Taking A Closer Look at The Changes to GDPR Following Brexit

—By Gal Ringel, CEO & co-founder of Mine

Since the implementation of the General Data Protection Regulation (GDPR) three years ago, in May 2018, individuals have been able to reclaim their personal data and gain control over their digital footprint. The regulation, which was one of the first of its kind, has inspired the rollout of similar regulations globally, including the LGPD in Brazil and California’s CCPA.

Since the time that this data privacy movement began, the UK has left the European Union, changing the ways in which the GDPR is applicable in the UK. With this in mind, it’s essential consumers are aware of how to stay in control of their digital footprint and know the rights around their personal data. Furthermore, our research at Mine found a 55% increase in the size of people’s personal data since the pandemic, making it more vital than ever to know who has your data. Let’s explore what Brexit means for the UK within the context of the GDPR and take a closer look at how the UK’s privacy landscape could unfold in the future.

A Closer Look at Post-Brexit Regulation in the UK

With Brexit over, the GDPR, like many other regulations governing the EU, is no longer specifically applicable to the UK. The UK now has its own law, the Data Protection Law to govern the regulation. According to the Information Commissioner’s Office (the UK watchdog upholding information rights) the government planned to incorporate the GDPR into the UK’s existing act once the transition period ended in January.

For UK companies, there is actually no difference if they continue to work with European entities. When working with a European company that falls under the EU GDPR, UK companies have to comply with GDPR requirements or face a fine of up to 20 million Euros or 4% of their annual turnover, whichever is greater. This means that for any international corporation, the fact that the UK has effectively left the EU does not make much of a difference, as they still have to work under the GDPR as they have always known it.

In February 2021, the European Commission published draft decisions finding the UK to be adequate with regards to the GDPR. If this is then approved by the EU member states, the European Commission can formally adopt them as legal adequacy decisions. As a result, the UK will be able to allow the free flow of data under the EU GDPR transfer rules as it did before Brexit. Should the adequacy decision not be adopted, the UK must comply with the European GDPR transfer restrictions, which are currently in place for all other third countries, including Canada and the US.

What do the Changes Mean for Consumers?

While the shift in regulation policy in the UK since Brexit seems minor, there are important changes consumers should be aware of including changes to the definition of personal data, child consent ages, and data subject rights. More specifically, there are six important changes to be aware of in the UK, now that the European GDPR no longer apply:

  1. The child consent age for the UK GDPR will be lowered from 16 to 13
  2. Personal data has a more limited definition under the UK’s GDPR
  3. UK organisations will not need official authority to process criminal data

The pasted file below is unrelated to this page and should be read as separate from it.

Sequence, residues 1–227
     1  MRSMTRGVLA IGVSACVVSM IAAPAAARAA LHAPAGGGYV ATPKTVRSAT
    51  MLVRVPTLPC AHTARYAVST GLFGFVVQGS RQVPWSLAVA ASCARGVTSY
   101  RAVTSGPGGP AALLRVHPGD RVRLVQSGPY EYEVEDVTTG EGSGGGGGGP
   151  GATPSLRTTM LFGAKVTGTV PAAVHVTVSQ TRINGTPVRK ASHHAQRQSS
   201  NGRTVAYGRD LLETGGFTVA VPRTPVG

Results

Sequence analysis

4. There is an exemption from the GDPR if the processing of personal data is of public interest
  5. Data subject rights can be waived if they significantly inhibit an organisation’s need to process data for scientific, historical, statistical or archiving purposes
  6. If companies will continue to trade in the EU they will need to appoint an EU representative and lead supervisory authority in the EU

Since 2018, the UK has also been under the governance of the Data Protection Act (DPA), which actually goes beyond the scope of the GDPR. There are numerous ways in which the two differ, but they are more or less the same. One difference is that the DPA has additional lawful bases for processing sensitive personal data. More specifically this means it is acceptable to process personal data of subjects, albeit with adequate controls to ensure that data is protected.

This can be applied for employment, social security, and social protection purposes as well as health and social care purposes. Under this law, data that is collected for archiving, research and statistics purposes can also be processed, as it can be for public interest purposes or in light of any criminal conviction.

Future Gazing: A Look at UK Regulation in the Coming Years

Looking ahead, we know the UK already has a strong policy around data protection in place, one that creates room for the UK to become a global champion in this space. I believe the UK’s DPA and the EU’s GDPR will take on a much bigger meaning both for consumers and companies with the growing realisation that it is no longer just a compliance issue but rather also affects a company’s brand reputation, user experience and their customer’s trust.

If there is any downfall of the GDPR and similar regulations, it is that they can be difficult for consumers to implement. Before Mine, there was no way to see all the companies holding your data in one in one place, and then easily enforce your rights to be forgotten. Excitingly, we are only three years in and I have no doubt privacy regulations are going to continue to change the digital world as we know it. At Mine, in less than a year and a half, we have already helped 250,000 consumers take ownership of their data by sending over three million data deletion requests and we’re only getting started. We expect to see the global movement of data ownership expand as even more regions put similar regulations in place.